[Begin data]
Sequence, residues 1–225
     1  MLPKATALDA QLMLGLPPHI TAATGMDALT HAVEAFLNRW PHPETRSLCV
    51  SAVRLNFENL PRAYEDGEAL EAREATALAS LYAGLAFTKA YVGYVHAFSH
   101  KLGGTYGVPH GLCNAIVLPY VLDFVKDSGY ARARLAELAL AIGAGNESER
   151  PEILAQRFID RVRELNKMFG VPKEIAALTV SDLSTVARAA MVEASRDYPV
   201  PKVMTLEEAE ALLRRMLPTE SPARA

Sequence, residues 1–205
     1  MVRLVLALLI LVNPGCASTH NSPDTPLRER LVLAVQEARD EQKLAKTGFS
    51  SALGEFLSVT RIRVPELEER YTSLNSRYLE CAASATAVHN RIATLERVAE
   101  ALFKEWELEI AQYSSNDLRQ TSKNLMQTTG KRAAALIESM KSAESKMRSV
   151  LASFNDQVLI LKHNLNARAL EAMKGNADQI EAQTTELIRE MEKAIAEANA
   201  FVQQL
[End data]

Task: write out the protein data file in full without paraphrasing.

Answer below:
Sequence, residues 1–225
     1  MLPKATALDA QLMLGLPPHI TAATGMDALT HAVEAFLNRW PHPETRSLCV
    51  SAVRLNFENL PRAYEDGEAL EAREATALAS LYAGLAFTKA YVGYVHAFSH
   101  KLGGTYGVPH GLCNAIVLPY VLDFVKDSGY ARARLAELAL AIGAGNESER
   151  PEILAQRFID RVRELNKMFG VPKEIAALTV SDLSTVARAA MVEASRDYPV
   201  PKVMTLEEAE ALLRRMLPTE SPARA

Sequence, residues 1–205
     1  MVRLVLALLI LVNPGCASTH NSPDTPLRER LVLAVQEARD EQKLAKTGFS
    51  SALGEFLSVT RIRVPELEER YTSLNSRYLE CAASATAVHN RIATLERVAE
   101  ALFKEWELEI AQYSSNDLRQ TSKNLMQTTG KRAAALIESM KSAESKMRSV
   151  LASFNDQVLI LKHNLNARAL EAMKGNADQI EAQTTELIRE MEKAIAEANA
   201  FVQQL